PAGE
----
While she was in government service as Headmistress of the Lady Willingdon Training College and Superintendent of the Ice House Hostel, Subbalakshmi was prohibited from joining the Women's Indian Association.[9] To keep her school running Subbalakshmi compromised on her beliefs and efforts against child marriage. Nevertheless, using her fluency in Tamil, she made efforts to abolish child marriage and to encourage education of girls. The historic, first conference, of the then newly established All India Women's Conference, called the "All India Women's Conference on Educational Reform", was held at the Fergusson College, Poona in January 1927.[15] Subbalakshmi was one of the fifty eight prominent delegates attending this meeting.[15][16] She actively supported the Child Marriage Restraint Act, passed in 1930, and appeared before the Joshi committee[9][17] which formulated the Act instrumental in raising the marriageable age of girls to fourteen and boys to sixteen. After retirement, she was involved in the activities of the Women's Indian Association, through which she befriended Annie Besant and others. She served as a nominated member of the Madras Legislative Council from 1952 to 1956.[18]


Subbulakshmi died on 20 December 1969 on an Ekadashi Day.[19]


  1. ^ "About Us".
  2. ^ Felton, Monica (2003). A Child Widow's Story. Katha. pp. 13, 14. ISBN 81-87649-91-7.
  3. ^ The Who's who in Madras: ... A pictorial who's who of distinguished personages, princes, zemindars and noblemen in the Madras Presidency. Pearl Press. 1940. p. 247.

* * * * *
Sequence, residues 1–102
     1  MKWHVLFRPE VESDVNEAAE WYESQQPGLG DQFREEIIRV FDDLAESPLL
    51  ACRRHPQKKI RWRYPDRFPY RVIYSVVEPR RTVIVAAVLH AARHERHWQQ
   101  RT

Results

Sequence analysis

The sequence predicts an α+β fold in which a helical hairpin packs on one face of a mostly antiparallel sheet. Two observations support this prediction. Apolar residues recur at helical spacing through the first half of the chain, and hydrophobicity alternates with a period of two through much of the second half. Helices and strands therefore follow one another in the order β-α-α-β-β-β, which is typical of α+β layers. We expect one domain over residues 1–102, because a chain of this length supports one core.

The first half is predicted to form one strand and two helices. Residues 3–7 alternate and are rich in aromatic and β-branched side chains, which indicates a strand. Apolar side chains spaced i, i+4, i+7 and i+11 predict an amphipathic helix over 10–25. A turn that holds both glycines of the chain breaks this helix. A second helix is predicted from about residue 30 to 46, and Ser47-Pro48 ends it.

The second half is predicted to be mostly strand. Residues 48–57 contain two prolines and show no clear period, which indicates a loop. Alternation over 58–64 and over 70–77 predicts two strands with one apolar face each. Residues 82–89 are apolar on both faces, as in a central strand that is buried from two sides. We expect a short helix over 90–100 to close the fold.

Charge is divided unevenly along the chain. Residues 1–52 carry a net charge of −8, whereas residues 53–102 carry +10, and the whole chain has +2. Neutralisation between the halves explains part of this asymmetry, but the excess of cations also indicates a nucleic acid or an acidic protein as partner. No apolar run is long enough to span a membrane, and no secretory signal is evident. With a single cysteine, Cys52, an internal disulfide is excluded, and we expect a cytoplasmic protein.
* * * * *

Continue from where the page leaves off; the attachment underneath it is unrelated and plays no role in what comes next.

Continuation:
4. ^ Ramanathan, Malathi (1989). Sister R.S.Subbalakshmi,Social Reformer and Educationist. Bombay: Lok Vangmaya Griha. p. 11.
  5. ^ Felton, Monica (2003). A Child Widow's Story. Katha. p. 36. ISBN 81-87649-91-7.
  6. ^ "Madras Musings - We care for Madras that is Chennai".
  7. ^ a b c d e Ramanathan, Malathi (1989). Sister R.S.Subbalakshmi, Social Reformer and Educationist. Bombay: Lok Vangmaya Griha. pp. 24–26.
  8. ^ "About Us".
  9. ^ a b c Forbes, Geraldine (2006) [1996]. Women in Modern India. Vol. 4 (Reprinted ed.). Cambridge: Cambridge University Press. pp. 57–60. ISBN 978-0-521-65377-0.
  10. ^ Ramanathan, Malathi (1989). Sister R.S.Subbalakshmi, Social Reformer and Educationist. Bombay: Lok Vangmaya Griha. pp. 91–93.
  11. ^ Ramanathan, Malathi (1989). Sister R.S.Subbalakshmi, Social Reformer and Educationist. Bombay: Lok Vangmaya Griha. pp. 101–105.
  12. ^ Ramanathan, Malathi (1989). Sister R.S.Subbalakshmi, Social Reformer and Educationist. Bombay: Lok Vangmaya Griha. p. 123.
  13. ^ Search, Padma Shri Awardee. "Padma Shri awardees list". Retrieved 23 April 2012.
  14. ^ Padma Shri Awardees, Photos of. "Padma Shri Award photo". Government of India. Retrieved 26 April 2012.
  15. ^ a b Ray, Aparna Basu, Bharati (2003). Women's struggle : a history of the All India Women's Conference, 1927–2002 (2nd ed.). New Delhi: Manohar. pp. 23, 213. ISBN 978-81-7304-476-2.((cite book)): CS1 maint: multiple names: authors list (link)
  16. ^ Besant, Annie (2003). Theosophist Magazine January 1927 – March 1927. Kessinger Publishing. pp. 630–633.
  17. ^ Rappaport, Helen (2001). Encyclopedia of women social reformers. Santa Barbara, Calif. [u.a.]: ABC-CLIO. pp. 652. ISBN 978-1-57607-101-4.
  18. ^ Ramanathan, Malathi (1986). Sister Subbalakshmi Sister Subbalakshmi Ammal Birth Centenary Souvenir. Madras: Sarada Ladies Union.
  19. ^ Rajagopalachari, C (1970). "Sahodari Subbalakshmi Sevai: Rajaji's Garland of Praise". Sister Subbalakshmi Ammal First Commemorative Souvenir (Madras Sarada Ladies Union).

Further reading